Kubelka-Munk equation, light absorption, light scattering, softwood, kraft pulps, alkaline sulfite pulps, oxygen, azone, hydrogen peroxide, DIFFUSE-REFLECTANCE, PULPS, SPECTROSCOPY
National Category
Paper, Pulp and Fiber Technology Materials Engineering
URN: urn:nbn:se:kth:diva-13901ISI: 000079200500010OAI: diva2:328082
QC 20100701Available from: 2010-07-01 Created: 2010-07-01 Last updated: 2010-07-01Bibliographically approved
In thesis
1. Some aspects on TCF-bleachability of softwood alkaline pulps
Open this publication in new window or tab >>Some aspects on TCF-bleachability of softwood alkaline pulps
1999 (English)Doctoral thesis, comprehensive summary (Other scientific)
Abstract [en]

The bleachability of softwood oxygen delignified pulps has been studied, i.e. the ease (requirement of bleaching chemicals) with which the pulps can be brightened to a target brightness in totally chlorine free (TCF) bleaching stages, including hydrogen peroxide, ozone and chelating agent stages. Different cooking processes have been compared and the influence of different pre- and post-treatments on the kraft process has been investigated. The influence of different cooking parameters in the kraft cook on the bleachability has also been studied, as well as the influence on the bleachability of the kappa number of the pulp after the cook and after the oxygen stage.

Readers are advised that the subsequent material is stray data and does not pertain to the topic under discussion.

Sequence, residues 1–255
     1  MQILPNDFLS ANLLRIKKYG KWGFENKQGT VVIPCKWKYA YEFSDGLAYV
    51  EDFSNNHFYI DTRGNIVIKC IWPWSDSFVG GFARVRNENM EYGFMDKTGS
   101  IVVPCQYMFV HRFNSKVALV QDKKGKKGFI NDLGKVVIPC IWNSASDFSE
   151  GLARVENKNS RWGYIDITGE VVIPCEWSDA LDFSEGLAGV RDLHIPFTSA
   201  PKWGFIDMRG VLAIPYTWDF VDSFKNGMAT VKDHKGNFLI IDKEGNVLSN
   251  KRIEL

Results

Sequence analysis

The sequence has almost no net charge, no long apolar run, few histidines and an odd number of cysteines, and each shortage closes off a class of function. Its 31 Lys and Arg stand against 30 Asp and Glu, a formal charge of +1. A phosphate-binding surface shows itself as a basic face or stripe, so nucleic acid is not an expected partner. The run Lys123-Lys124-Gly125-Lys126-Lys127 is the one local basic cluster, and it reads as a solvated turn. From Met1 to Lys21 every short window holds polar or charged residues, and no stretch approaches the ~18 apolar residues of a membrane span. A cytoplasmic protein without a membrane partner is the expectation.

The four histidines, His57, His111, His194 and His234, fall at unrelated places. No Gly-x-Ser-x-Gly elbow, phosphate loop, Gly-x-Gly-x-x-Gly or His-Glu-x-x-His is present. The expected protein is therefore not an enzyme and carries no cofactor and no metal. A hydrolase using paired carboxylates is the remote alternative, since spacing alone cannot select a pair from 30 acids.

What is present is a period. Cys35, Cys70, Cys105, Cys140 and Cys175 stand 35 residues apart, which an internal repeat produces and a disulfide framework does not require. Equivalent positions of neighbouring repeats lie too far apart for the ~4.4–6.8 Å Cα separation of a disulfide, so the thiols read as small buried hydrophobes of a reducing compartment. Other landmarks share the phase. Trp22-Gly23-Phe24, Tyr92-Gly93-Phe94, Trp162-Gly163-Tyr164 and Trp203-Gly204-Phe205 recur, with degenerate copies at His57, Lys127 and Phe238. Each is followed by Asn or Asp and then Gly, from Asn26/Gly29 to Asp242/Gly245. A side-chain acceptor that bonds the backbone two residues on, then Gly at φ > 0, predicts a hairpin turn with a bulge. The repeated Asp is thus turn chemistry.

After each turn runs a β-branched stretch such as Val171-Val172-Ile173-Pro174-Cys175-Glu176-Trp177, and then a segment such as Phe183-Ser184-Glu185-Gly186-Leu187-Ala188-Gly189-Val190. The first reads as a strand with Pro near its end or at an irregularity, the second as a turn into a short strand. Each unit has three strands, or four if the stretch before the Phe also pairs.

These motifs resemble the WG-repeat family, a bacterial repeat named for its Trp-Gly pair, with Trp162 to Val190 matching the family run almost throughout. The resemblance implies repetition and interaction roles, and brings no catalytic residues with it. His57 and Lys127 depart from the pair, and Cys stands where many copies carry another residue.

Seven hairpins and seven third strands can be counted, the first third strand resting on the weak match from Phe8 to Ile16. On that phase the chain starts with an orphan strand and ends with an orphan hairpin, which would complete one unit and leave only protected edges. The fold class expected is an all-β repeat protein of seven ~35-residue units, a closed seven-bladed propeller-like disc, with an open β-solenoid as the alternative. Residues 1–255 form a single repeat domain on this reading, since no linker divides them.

Pulps produced by alkaline sulfite processes, ASAM and MSSAQ, showed better bleachability and process selectivity(viscosity at a given brightness) than pulps produced by the modified kraft process. The bleachability of the modified kraftpulps could be improved by a post sulfonation.

The bleachability was improved by terminating the cook at a higher kappa number level, when oxygen delignifying to the same kappa number level before bleaching. Improvements are also achieved by starting the oxygen stage from the same kappa number and extending the oxygen delignification to a lower kappa number level. The process selectivity and the yield are improved in the same way.